• Short Summary


    Israeli Knesset (Parliament) Member Meir Kahane was interviewed by police on November 21 about his publicly declared support for anti-Arab terrorism.

  • Description

    1. GV Flag TILT DOWN TO Kahane on telephone. (2 SHOTS) 0.10
    2. SCU & SVs Newsmen listening as Kahane speaks. (English SOT) (3 SHOTS) 1.47
    KAHANE: (SEQ 2)"The police asked me whether I had made any statements in support of what they call Jewish terror. Of course, I don't recognise that term. There's no such thing as Jewish terror; there is Jewish vengeance. I said to them that my statements have always been that it is the government's job and obligation to save the lives to save Jewish lives. If it's not capable of saving lives, then it has no right to govern. If it is against what they call terror, then it is the government's job, under their auspicies, to use counter-terror as was done in this country under the Labour governments in the 50s and 60s. If they're not ready to do that, then certainly I can understand and support and take pride in Jews who, out of frustration and bitterness at constant murders of Jews, take what they call the law into their own hands... and what I say is that they observe the Jewish law. I've urged young Jews not to do it only for one reason: they would be caught. It's not worth it. This country is not ready to give them a fair shake, so therefore don't (indistinct) until I become prime minister. I made it quite clear that any Arab who is ready to live here as a non-citizen, with his personal rights and not his national rights, can stay here. And any Arab who is not, and who looks forward to that day when Israel will become Palestine, must leave. That's not racism; it's common sense."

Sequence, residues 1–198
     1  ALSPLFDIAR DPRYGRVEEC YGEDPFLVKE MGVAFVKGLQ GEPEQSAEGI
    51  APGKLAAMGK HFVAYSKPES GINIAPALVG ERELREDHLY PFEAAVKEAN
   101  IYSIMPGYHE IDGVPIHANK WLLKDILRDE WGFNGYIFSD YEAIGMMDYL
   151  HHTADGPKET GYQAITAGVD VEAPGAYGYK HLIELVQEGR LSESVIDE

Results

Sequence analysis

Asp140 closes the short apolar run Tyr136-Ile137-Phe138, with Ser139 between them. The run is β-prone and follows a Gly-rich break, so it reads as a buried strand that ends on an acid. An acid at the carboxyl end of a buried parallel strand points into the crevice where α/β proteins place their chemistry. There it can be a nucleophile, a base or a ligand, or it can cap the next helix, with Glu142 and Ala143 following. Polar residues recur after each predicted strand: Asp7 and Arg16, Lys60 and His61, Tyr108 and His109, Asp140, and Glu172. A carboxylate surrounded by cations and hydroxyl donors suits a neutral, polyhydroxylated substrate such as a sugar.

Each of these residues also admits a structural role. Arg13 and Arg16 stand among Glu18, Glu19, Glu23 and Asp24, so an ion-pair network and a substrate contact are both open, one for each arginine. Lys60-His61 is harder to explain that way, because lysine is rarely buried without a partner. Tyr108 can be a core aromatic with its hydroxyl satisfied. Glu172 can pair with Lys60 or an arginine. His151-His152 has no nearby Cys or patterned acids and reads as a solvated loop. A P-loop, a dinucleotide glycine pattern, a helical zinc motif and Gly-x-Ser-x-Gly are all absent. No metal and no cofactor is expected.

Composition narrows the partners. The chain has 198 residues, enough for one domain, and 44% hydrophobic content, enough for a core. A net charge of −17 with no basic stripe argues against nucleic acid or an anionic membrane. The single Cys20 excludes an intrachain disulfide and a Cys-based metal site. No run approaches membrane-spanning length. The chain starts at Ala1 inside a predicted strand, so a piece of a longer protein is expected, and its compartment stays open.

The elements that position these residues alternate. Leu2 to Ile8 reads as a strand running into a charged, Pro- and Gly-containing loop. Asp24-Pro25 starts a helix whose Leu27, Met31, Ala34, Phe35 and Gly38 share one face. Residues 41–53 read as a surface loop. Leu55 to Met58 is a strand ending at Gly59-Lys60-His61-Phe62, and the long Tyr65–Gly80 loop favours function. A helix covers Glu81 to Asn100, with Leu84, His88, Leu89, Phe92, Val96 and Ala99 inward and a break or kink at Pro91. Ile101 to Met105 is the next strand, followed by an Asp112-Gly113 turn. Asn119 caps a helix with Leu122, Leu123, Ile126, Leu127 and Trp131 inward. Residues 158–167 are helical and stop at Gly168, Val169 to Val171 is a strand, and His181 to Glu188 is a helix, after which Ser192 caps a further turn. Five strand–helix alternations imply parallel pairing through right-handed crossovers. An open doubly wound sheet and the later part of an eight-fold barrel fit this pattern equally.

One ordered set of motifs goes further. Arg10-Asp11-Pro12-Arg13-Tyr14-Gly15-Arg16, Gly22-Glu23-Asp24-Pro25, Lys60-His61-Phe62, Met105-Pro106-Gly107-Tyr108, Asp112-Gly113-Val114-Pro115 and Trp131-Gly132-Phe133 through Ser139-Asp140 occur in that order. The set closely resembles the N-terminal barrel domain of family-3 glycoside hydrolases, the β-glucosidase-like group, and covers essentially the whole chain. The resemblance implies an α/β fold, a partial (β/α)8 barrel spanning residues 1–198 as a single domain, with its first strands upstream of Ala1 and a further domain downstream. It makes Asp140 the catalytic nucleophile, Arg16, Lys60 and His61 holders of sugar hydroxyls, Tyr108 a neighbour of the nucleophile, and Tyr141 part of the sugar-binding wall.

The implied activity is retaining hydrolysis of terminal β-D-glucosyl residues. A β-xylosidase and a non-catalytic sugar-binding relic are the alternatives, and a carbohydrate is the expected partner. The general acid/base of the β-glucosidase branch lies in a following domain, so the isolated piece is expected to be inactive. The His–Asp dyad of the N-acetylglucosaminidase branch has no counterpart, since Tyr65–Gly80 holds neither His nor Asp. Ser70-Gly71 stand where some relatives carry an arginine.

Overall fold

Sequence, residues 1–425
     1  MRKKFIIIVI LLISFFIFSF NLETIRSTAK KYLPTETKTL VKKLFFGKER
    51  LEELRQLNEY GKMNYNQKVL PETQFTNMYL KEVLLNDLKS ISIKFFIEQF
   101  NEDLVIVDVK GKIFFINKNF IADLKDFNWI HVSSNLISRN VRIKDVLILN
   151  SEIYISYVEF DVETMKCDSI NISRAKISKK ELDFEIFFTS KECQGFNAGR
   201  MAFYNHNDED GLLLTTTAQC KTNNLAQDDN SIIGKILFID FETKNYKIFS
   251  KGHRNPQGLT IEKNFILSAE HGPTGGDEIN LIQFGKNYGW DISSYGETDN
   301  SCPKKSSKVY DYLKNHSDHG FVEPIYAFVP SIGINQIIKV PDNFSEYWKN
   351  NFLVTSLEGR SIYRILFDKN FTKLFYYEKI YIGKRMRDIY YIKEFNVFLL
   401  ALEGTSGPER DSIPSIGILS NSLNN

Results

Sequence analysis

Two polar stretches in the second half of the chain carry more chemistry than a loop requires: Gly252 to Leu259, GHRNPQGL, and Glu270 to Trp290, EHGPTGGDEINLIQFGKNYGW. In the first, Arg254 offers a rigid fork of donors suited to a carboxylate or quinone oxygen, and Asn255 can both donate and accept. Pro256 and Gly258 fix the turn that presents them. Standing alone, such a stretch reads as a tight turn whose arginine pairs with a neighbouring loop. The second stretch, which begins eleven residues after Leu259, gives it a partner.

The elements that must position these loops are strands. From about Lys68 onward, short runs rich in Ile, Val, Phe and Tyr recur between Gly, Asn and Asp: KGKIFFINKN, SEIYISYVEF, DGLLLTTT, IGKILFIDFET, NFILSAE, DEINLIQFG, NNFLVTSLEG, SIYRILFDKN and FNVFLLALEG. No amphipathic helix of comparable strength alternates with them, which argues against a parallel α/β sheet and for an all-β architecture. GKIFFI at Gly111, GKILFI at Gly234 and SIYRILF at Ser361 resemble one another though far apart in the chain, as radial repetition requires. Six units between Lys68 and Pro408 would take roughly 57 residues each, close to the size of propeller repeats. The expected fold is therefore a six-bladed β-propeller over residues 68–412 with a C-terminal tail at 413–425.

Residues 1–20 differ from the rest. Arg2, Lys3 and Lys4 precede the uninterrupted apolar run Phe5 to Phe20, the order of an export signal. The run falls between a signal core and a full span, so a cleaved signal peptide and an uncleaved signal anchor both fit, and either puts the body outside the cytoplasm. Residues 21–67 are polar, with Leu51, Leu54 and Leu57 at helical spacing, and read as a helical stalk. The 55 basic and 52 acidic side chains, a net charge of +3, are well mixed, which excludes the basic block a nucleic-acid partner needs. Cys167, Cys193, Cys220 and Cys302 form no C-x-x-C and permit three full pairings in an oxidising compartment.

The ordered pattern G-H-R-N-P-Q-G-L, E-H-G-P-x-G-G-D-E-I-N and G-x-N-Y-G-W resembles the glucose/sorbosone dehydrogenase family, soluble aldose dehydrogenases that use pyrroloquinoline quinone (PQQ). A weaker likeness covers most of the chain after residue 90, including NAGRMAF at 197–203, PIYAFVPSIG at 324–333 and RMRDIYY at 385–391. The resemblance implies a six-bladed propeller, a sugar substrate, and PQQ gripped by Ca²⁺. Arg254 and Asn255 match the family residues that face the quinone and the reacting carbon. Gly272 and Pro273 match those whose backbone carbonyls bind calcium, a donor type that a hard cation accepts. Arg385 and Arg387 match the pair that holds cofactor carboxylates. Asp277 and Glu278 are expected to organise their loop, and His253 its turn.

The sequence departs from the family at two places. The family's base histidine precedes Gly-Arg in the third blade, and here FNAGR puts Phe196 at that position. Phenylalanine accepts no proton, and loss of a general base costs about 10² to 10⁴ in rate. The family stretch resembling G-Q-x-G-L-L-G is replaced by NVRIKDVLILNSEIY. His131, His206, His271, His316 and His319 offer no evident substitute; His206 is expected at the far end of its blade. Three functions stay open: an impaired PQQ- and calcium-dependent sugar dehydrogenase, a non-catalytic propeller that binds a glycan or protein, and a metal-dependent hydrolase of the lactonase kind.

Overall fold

Script is copyright Reuters Limited. All rights reserved

    Background: JERUSALEM

    Israeli Knesset (Parliament) Member Meir Kahane was interviewed by police on November 21 about his publicly declared support for anti-Arab terrorism. Speaking to reporters hours after his interrogation at the Jerusalem offices of his Kach party, the extremist rabbi, born Michael King in Brooklyn, New York, defended his violently anti-Arab views as "common sense". Kahane, whose militant political postures have landed him in Israeli prisons on several occasions, maintains that all Arabs espousing the concept of a Palestinian national homeland, and those not willing to accept non-citizen status under Israeli governments should be forcibly deported to other Arab states. On November 21, thousands of Israeli youths, representing a broad spectrum of political groups from nationalists to the Jewish-Arab Communist Party, staged a massive demonstration in Tel Aviv to protest Kahane's support of Jewish extremists and racist incitement. It was announced in Jerusalem earlier this month that Prime Minister Shimon Peres' coalition government was formulating a law banning racist incitement, as well as studying measures to lift Kahanes' parliamentary immunity from prosecution.


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